Mike Cuenca’s “Like a Dirty French Novel”: Film Review

The narrator at the beginning of Like a Dirty French Novel says that the stories told throughout the film are inspired by the social disorder caused by COVID-19. In that way, Cuenca’s debut is less like a European paperback and more like a funhouse mirror, distorting and exaggerating the emotional rollercoaster that is this pandemic.

Like a Dirty French Novel follows the stories of a depressed competitive puzzler, a sensual phone operator, estranged twin brothers and a cosplayer with a complex as they struggle to form connections and survive in a socially distanced world. You’d likely never find this cast of characters in even the weirdest dive bar, but their unique circumstances somehow tangibly connect them to one another.

Yet these eccentricities are the only defining traits of the film’s hollow characters. In an attempt to create a pandemic Pulp Fiction, the film loses any sense of heart or earnestness that endears audiences to grindhouse noir. There’s not a urge to understand the overarching mystery in Like a French Novel because there’s little effort made to make us care about what happens to these individuals.

There still is something to be taken away from this pandemic piece though. All throughout Like a Dirty French Novel we see individuals pushed into a false sense of reality. A place where the mind is folly and one’s urges are only heightened. It’s a environment where the sweet nothings from nobodies over the phone become our primary means of pleasure. No, this land the film journeys through is not a gateway into The Twilight Zone: It’s the loneliness we all felt during the worst days of the pandemic.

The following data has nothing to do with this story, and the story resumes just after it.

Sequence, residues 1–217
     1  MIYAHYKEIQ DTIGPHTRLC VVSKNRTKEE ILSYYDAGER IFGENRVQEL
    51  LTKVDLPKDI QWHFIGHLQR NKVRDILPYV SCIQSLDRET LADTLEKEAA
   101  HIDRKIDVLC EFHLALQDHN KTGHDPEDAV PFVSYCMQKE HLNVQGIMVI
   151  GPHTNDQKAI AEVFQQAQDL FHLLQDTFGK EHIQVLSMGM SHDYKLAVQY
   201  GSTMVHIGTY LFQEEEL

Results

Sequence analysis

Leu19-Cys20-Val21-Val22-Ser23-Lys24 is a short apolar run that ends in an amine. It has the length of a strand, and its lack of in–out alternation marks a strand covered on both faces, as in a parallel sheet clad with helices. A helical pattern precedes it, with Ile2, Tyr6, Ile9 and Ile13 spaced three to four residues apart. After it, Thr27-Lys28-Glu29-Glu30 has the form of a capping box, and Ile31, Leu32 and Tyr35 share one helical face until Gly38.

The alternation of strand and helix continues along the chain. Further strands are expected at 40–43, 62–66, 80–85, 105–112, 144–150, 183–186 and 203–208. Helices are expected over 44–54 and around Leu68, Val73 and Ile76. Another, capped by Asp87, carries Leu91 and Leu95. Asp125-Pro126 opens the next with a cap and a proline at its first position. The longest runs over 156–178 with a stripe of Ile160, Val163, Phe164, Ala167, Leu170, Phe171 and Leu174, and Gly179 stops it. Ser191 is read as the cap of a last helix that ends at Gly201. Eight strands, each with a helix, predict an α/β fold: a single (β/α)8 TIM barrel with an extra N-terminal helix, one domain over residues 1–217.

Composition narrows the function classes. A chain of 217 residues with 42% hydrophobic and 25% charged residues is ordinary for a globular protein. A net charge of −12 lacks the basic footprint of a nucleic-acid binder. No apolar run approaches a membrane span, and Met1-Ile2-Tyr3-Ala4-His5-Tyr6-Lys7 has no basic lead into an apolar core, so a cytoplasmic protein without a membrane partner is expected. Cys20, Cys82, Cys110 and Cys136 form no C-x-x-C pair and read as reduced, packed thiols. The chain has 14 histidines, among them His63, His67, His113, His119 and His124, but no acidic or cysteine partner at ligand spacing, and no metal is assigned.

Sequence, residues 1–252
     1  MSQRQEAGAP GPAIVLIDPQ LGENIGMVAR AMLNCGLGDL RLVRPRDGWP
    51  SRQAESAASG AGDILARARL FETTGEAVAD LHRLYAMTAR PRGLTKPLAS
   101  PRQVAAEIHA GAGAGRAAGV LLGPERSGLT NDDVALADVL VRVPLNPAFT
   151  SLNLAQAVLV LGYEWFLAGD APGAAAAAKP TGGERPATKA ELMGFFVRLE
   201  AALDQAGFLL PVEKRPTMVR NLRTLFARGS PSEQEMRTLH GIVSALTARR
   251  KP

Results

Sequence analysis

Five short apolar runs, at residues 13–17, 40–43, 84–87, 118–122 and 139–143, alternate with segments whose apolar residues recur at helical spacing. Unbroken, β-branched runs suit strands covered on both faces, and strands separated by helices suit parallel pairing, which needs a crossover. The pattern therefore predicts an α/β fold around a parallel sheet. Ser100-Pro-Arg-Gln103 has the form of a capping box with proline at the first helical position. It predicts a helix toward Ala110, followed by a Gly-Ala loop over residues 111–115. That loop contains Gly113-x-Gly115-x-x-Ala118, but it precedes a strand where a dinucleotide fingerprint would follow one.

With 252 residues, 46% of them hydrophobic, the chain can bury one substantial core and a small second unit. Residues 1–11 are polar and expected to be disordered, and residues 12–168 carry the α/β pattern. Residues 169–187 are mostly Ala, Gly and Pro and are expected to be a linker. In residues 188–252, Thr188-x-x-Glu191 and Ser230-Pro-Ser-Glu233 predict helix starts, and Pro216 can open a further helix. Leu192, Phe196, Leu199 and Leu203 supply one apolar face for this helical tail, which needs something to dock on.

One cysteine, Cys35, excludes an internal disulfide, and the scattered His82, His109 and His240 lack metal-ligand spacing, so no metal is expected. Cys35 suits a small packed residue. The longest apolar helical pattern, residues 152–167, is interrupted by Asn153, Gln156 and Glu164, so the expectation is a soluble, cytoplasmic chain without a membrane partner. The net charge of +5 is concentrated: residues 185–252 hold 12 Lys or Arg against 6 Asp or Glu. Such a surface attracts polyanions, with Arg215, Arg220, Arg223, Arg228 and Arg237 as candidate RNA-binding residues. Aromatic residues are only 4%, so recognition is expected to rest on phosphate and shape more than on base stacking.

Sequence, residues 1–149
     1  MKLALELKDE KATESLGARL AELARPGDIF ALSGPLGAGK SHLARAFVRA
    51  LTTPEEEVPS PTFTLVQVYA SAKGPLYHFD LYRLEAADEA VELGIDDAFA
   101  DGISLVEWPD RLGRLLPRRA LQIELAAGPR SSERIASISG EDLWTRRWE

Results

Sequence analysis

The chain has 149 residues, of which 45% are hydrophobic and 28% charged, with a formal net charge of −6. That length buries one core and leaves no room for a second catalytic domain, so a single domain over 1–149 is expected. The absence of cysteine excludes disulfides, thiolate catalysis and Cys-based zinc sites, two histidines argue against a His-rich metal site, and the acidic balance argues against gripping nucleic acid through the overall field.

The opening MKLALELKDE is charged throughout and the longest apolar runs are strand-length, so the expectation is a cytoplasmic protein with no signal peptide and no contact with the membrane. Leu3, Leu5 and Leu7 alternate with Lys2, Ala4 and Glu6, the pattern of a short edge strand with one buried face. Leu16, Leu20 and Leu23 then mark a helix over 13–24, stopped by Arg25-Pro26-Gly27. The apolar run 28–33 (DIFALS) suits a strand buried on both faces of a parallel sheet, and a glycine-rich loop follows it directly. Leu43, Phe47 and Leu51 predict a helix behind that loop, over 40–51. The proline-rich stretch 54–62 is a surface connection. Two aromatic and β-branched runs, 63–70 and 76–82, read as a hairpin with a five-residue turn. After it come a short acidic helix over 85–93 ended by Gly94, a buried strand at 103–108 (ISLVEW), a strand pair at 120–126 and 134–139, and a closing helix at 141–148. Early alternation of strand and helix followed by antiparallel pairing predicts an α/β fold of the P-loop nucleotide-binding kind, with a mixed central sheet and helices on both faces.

Cuenca understands that if there is anything that connects us all together, it’s that we all cannot stand our own company. When moments of quiet should bring us closer together, Like a Dirty French Novel shows us just how separated and disassociated we have become.

The Silver Lining

The scenes featuring the sultry phone operator are really nicely blocked. DP Jessica Gallant hides the woman’s face from ever being fully seen, instead showing the audience only the movement of her lips or the tingling of her fingers. It gives the character an aire of mystery that is unique to the entire film.

Like a Dirty French Novel had its world premiere at the Dances With Films Film Festival and is coming soon to a screen near you.

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